The mutually beneficial relationship described earlier (Mary and the deer working together, and Mary and Peter releasing the animals and helping them to escape) is further demonstrated by Mary’s cat familiar ‘Tib’. Familiars are a key part of the mythology surrounding witches and are one of their key identifying characteristics. Mary and Tib work together and help each other carry out certain jobs during the film, their close relationship is companionship is shown by the fact that they ride close together on Mary’s broomstick. Tibs facial expressions throughout the film anthropomorphize him, providing us with the impression that he has cognitive levels similar to those of humans. This allows the viewer to sympathise with Tib and recognise him as being more than just an animal, this seems to have been done by the director to try and make it easier for the viewer to see and accept animals and humans working together in perfect harmony like Mary and Tib are. This companionship and mutual benefit between animals and humans can also be seen via the character of Flanagan, who helps Mary at various stages of her journey (such as helping her to escape and providing her with a new broom). Once again this exemplifies the way in which animals and humans can help each other and work together, rather than one trying to take control of the other. Similarly to Tibs, Flanagan is also anthropomorphized as he wears clothing, has a moustache and talks in a Scottish accent (all of which are characteristics of humans), which has been done to make an animal collaborating so closely with humans more acceptable to the viewer.
At the end of the film there are various shots of animals on Great Aunt Charlotte’s property, these include Aunt Charlotte’s domesticated pet dog, the cats Tib and Gib (transformed back from being a creature), and a wild butterfly moving through the garden. This is used as an example as to the ways in which animals are incorporated within human society, perhaps with the butterfly acting as a representation of new beginnings and allowing more nature into the human controlled space that is Aunt Charlotte’s house. It also shows the ways in which animals and humans are able to coexist within the same space. This return to nature and message of allowing more nature into our lives also acts as a parallel to allowing more Japanese traditionalism into modern Japanese culture, even if it is in small amounts. The end of the film is imbued with a sense of joy and peace, indicating that it is natural and right for these animals to be incorporated in the human-space that is Aunt Charlotte’s home, as they are living in peace with the humans and no chaos has been caused as a result.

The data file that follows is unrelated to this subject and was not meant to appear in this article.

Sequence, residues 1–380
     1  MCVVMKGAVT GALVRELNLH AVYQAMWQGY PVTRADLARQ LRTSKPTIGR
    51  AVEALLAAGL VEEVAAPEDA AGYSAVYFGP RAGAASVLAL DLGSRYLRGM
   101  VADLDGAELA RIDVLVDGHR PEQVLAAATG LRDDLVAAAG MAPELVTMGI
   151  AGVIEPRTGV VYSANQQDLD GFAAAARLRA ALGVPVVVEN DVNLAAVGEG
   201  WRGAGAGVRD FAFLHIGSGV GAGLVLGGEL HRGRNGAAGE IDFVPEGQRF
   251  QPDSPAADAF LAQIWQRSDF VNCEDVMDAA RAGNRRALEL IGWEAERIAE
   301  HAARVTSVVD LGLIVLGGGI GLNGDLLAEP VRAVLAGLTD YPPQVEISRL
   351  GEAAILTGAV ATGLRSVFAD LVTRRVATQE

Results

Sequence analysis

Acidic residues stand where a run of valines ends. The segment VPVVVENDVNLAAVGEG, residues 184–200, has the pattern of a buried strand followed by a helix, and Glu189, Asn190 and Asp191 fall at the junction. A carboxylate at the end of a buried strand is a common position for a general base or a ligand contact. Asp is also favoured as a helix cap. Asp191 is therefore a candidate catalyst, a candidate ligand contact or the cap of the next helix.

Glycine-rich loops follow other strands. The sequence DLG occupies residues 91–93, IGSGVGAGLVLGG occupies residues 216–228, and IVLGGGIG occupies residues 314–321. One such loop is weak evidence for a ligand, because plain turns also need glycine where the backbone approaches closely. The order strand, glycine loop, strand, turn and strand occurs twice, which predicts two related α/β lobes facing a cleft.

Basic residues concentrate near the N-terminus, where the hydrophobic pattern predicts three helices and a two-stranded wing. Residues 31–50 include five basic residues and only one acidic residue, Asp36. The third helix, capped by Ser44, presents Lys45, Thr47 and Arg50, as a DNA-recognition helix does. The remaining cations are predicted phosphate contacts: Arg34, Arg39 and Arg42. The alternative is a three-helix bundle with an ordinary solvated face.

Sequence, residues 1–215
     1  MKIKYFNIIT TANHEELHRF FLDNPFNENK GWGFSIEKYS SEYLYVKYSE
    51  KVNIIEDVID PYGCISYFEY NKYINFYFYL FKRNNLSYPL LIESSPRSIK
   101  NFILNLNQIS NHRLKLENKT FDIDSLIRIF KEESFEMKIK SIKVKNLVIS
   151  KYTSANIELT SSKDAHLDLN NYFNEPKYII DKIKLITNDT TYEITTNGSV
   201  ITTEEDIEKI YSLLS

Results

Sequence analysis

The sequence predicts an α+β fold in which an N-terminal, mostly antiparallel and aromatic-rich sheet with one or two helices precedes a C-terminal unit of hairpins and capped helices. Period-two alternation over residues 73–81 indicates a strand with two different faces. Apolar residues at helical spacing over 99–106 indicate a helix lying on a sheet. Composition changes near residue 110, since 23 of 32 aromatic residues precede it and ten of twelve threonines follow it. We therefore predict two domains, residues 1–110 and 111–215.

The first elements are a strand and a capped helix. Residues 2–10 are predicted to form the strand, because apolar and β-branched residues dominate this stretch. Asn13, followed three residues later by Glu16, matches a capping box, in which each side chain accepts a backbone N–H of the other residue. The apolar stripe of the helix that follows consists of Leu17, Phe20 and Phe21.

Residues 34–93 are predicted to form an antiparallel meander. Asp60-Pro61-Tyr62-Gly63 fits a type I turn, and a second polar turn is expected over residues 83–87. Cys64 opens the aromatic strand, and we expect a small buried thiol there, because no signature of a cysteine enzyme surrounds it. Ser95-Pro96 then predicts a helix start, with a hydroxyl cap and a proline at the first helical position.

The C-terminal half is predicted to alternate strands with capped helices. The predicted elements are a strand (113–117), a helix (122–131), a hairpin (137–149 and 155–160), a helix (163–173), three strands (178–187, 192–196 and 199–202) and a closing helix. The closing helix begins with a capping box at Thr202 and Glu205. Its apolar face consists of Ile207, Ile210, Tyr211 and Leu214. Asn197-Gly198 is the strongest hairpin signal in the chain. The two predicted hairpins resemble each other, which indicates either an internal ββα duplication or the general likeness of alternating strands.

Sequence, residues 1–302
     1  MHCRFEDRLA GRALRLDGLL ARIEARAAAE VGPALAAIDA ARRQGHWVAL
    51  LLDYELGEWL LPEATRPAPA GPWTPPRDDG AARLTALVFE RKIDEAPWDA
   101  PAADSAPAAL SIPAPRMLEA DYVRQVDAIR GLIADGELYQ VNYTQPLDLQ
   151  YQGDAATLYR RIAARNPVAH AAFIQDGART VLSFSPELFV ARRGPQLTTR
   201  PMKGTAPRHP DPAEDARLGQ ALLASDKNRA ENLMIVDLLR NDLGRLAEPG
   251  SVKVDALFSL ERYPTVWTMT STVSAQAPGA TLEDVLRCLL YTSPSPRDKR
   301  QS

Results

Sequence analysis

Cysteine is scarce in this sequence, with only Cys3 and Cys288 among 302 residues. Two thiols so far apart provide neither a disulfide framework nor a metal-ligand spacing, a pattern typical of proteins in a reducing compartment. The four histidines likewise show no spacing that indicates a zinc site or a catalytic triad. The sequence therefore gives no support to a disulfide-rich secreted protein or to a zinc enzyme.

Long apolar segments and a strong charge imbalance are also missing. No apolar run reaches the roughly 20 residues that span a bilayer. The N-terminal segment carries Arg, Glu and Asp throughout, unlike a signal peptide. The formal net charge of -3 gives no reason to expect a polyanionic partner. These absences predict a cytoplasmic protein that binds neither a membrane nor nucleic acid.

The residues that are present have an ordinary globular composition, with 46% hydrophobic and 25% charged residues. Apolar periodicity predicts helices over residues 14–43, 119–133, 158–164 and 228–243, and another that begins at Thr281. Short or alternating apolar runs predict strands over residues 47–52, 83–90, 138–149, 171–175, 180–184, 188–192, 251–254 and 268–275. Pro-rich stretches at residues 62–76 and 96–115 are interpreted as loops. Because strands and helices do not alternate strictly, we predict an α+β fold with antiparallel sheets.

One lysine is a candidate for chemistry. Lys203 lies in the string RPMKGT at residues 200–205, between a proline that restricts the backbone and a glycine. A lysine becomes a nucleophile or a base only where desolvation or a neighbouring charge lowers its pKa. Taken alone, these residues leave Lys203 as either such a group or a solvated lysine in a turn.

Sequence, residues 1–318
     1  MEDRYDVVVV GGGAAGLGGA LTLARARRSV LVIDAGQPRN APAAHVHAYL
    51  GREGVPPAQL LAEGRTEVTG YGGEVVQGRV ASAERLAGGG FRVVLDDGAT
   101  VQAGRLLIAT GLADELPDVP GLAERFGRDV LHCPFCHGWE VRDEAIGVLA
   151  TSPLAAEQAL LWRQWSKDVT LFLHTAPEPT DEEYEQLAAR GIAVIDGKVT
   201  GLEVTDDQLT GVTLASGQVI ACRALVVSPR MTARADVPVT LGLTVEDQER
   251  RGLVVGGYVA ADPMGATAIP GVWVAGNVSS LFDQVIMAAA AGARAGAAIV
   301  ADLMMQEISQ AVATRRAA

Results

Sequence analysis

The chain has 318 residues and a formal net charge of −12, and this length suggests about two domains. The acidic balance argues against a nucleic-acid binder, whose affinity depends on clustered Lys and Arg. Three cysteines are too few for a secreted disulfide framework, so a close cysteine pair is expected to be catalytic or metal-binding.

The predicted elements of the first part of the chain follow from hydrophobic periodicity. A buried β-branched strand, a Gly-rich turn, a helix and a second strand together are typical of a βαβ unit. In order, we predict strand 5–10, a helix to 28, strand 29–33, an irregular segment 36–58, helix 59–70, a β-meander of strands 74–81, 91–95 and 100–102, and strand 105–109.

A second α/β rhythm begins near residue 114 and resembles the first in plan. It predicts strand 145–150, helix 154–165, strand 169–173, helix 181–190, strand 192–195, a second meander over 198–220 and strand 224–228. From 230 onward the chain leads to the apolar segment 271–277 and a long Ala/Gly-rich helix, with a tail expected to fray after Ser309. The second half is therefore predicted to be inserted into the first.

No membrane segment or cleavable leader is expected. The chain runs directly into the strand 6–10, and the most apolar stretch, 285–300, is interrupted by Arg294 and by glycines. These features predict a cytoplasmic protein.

Director Yonebayashi seems clearly to be using animals as a representation of the key oppositions which are at play within the film, such as modernity versus traditionalism, and civilization versus nature. Yonebayashi seems to clarify his stance on these conflicts through his use of animals within the film, he suggests that Japan needs to return to traditionalism and nature in order for its people to live in peace and harmony. This is because it is only through the stripping away of technology and augmentation from the animals, and their return to their natural habitat, that they are able to live in serenity and peace. In addition, the animals rebelling against those keeping them captive (Madam Mumblechook and Doctor Dee) serves as a warning for mankind, that we may not always be able to treat nature and wildlife as we like without suffering any consequences. In reality these consequences would not be violent rebellion from the animals, which is represented here, but rather diminishing yields of crops and reduced meat production (such as from overfishing). Mary and the Witch’s Flower therefore attempts to advise the viewer that they should embrace traditionalism and the natural world and attempt to find ways in which to work in harmony with animals/nature, rather than trying to change nature and animals with technology and modernity to fit our own needs.
Peter Bradshaw, Mary and the Witch’s Flower Review – Charming Japanese Children’s Adventure (2018) https://www.theguardian.com/film/2018/may/03/mary-and-the-witchs-flower-review-japanese-animation-hiromasa-yonebayashi [accessed 10 January 2018].
Nigel Howard, ‘Mary and the Witch’s Flower’ rivals ghibli films with its delightful animation. University Wire https://search/proquest-com.sheffield.idm.oclc.org/docview/1999739918?accountid=13828
Cassandra Atherton, ‘Japan and the Welfare of Companion Animals’, Japanese Studies, 16.1, (2016).
Rachel Tepper Paley, How Traditionalism and Modernism Coexist in Today’s Tokyo (206) https://www.travelandleisure.com/trip-ideas/modern-japanese-tradition [accessed 2 January 2019].
Matt Grobar, ‘Mary and the Witch’s Flower’ Director On Exploring World of Magic Through The Eyes Of A Young Girl (2017) https://deadline.com/2017/11/mary-and-the-witchs-flower-hiromasa-yonebayashi-oscars-interview-news-1202199618 [accessed 3 January 2018].
 Animal Farm, dir. by John Halas and Joy Batchelor (Distributors Corporation of America, 1954).